LeFranc’s remarkably affecting new play finds the extraordinary in the ordinary, following generations of an American family through its gatherings around restaurant tables. Central couple Sam and Nicole are played by young charmers Andrew Goetten and Lindsay Leopold when they meet-cute at the restaurant where she’s waiting tables; by the time they get married, the roles have transferred to the slightly older Lia D. Mortensen and Philip Earl Johnson. Peggy Roeder and Will Zahrn first show up as Sam’s parents, but end up as the aged Sam and Nicole. The younger actors (including kids Emily Leahy and Noah Jerome Schwartz) keep returning as new generations march along.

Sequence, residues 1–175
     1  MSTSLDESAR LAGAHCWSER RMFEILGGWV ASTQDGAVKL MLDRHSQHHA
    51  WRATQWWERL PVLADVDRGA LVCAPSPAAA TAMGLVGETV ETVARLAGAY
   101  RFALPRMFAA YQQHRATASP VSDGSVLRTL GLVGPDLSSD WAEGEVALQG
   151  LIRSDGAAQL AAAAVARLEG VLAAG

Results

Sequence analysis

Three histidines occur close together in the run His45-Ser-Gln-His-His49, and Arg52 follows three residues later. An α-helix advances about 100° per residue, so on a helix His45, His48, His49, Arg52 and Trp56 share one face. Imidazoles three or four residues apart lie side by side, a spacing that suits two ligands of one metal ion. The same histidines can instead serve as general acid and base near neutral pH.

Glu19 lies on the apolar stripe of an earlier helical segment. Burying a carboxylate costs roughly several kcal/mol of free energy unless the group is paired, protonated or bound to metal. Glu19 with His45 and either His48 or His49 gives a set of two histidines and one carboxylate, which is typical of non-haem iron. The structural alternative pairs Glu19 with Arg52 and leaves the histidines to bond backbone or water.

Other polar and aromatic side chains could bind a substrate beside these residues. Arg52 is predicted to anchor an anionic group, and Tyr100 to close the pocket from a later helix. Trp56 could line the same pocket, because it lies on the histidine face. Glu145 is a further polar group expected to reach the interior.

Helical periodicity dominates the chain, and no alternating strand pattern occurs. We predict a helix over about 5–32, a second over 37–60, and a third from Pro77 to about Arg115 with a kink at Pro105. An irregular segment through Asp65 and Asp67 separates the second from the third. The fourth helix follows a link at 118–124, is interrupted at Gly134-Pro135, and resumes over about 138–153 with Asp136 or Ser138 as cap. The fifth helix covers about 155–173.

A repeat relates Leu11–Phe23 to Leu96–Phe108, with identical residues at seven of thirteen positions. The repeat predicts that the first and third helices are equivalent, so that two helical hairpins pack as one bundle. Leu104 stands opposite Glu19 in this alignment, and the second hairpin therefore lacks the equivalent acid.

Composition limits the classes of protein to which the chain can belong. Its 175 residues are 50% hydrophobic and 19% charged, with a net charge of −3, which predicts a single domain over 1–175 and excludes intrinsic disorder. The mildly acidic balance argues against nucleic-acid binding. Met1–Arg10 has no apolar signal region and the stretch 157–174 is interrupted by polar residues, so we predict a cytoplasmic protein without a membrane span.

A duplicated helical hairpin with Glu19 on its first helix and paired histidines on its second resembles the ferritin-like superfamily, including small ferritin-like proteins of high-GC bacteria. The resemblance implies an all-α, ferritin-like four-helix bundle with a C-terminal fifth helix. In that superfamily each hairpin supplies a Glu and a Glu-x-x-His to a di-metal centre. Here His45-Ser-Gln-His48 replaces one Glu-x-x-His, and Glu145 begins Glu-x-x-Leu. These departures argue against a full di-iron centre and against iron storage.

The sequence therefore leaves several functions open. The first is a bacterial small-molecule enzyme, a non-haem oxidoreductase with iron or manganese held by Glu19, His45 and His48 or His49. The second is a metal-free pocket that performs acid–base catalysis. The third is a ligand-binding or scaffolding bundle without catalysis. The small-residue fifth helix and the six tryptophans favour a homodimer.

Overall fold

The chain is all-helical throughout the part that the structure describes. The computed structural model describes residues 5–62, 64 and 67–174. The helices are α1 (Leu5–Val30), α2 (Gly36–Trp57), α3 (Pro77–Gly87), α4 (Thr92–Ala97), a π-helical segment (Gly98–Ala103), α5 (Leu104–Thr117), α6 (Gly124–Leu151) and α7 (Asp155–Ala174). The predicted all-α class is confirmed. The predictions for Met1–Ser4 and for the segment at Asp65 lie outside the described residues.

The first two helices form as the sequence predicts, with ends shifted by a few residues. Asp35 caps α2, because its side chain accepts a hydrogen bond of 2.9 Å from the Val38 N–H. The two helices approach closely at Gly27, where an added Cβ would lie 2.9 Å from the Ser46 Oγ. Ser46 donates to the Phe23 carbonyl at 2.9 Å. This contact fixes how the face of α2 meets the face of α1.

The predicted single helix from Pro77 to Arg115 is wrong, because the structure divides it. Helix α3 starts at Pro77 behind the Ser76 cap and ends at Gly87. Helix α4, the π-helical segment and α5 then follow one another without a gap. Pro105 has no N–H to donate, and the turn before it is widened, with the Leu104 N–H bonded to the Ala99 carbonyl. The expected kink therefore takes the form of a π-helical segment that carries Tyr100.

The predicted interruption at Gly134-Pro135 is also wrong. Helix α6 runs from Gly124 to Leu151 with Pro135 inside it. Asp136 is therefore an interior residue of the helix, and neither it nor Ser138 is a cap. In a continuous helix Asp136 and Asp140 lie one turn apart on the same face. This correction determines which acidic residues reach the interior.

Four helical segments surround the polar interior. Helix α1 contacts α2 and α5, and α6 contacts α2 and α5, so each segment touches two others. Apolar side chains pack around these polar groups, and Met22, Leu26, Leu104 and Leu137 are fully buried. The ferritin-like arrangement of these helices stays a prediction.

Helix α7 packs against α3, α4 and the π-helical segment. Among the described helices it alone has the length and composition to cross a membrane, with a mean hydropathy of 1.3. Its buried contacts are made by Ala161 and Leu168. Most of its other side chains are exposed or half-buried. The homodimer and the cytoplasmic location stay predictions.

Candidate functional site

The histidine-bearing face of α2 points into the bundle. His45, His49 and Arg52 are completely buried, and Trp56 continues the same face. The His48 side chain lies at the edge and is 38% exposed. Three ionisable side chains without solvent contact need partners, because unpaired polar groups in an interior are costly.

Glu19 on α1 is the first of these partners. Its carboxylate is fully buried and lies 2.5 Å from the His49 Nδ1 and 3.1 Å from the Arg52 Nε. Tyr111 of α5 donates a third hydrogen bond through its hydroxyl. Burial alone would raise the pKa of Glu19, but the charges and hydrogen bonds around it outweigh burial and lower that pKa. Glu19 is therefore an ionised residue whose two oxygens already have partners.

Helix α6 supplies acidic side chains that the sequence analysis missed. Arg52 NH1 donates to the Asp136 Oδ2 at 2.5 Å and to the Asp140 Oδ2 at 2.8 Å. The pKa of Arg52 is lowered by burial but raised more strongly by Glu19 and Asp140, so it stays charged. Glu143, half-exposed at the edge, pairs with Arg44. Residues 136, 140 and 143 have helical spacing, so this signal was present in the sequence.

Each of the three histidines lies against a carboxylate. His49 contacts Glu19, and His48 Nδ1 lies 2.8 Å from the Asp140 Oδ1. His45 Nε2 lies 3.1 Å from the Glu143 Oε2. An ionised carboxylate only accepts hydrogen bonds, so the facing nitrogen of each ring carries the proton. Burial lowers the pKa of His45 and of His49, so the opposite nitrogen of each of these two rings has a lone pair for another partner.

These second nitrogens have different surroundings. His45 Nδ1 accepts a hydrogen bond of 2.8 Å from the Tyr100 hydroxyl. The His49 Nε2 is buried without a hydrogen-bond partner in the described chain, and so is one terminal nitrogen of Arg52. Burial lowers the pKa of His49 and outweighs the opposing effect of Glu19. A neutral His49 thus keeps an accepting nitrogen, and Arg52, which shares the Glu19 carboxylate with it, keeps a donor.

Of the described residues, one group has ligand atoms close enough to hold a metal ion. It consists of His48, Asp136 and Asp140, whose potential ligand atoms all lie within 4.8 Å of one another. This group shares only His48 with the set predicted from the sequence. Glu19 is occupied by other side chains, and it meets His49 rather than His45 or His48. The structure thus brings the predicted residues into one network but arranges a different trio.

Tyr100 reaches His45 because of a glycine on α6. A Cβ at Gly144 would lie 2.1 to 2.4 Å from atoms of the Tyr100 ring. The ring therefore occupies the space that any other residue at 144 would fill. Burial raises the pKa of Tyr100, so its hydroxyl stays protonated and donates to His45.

This simple but remarkable device lends great heft to those small, inexorable moments of family life: first dates, fights, breakups, reconciliations, meeting the parents, birthdays, remembrances, memorials—all those things we do around the dinner table besides eating. (Though the family members spend plenty of time looking at menus, they never actually order; in fact, LeFranc and director Bullard turn the arrival of a meal into an arresting theatrical metaphor that I won’t spoil, except to say it had audience members gasping with dismay at the appearance of a server.)
LeFranc makes our 90-minute tour through Sam and Nicole’s life feel both specific and universal, while Bullard and his exceptional ensemble keep the action smooth and clear. “We really started something, didn’t we?” Nicole asks herself upon meeting her great-granddaughter. The Big Meal urges us to savor every bite.